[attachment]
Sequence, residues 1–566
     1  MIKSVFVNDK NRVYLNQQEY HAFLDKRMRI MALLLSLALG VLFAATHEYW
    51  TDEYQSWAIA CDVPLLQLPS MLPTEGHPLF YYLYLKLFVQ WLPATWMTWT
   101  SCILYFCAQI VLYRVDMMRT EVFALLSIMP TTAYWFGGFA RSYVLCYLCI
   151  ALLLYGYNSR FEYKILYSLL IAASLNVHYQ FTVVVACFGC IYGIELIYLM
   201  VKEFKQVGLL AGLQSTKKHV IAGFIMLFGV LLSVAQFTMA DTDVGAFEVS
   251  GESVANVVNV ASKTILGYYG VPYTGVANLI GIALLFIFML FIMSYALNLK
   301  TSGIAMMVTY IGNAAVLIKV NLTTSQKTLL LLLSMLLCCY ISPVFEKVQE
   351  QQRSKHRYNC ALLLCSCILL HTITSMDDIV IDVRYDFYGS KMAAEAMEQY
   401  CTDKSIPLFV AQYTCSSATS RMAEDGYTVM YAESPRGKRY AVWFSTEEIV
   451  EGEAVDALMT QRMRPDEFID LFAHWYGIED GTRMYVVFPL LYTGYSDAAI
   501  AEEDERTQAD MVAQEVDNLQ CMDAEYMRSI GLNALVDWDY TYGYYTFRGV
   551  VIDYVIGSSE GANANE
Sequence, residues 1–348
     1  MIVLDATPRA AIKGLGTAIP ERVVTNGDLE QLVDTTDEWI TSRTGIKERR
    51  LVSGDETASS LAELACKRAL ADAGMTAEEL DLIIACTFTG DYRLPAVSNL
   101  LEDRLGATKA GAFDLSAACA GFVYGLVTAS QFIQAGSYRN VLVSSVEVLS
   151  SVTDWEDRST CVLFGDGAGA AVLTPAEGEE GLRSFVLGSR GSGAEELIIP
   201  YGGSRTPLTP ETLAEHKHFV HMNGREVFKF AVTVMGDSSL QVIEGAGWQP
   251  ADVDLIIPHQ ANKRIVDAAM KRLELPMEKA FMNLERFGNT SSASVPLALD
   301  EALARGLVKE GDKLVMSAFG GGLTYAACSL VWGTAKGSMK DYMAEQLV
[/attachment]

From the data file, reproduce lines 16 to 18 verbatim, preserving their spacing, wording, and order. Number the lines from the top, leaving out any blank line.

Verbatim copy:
    51  LVSGDETASS LAELACKRAL ADAGMTAEEL DLIIACTFTG DYRLPAVSNL
   101  LEDRLGATKA GAFDLSAACA GFVYGLVTAS QFIQAGSYRN VLVSSVEVLS
   151  SVTDWEDRST CVLFGDGAGA AVLTPAEGEE GLRSFVLGSR GSGAEELIIP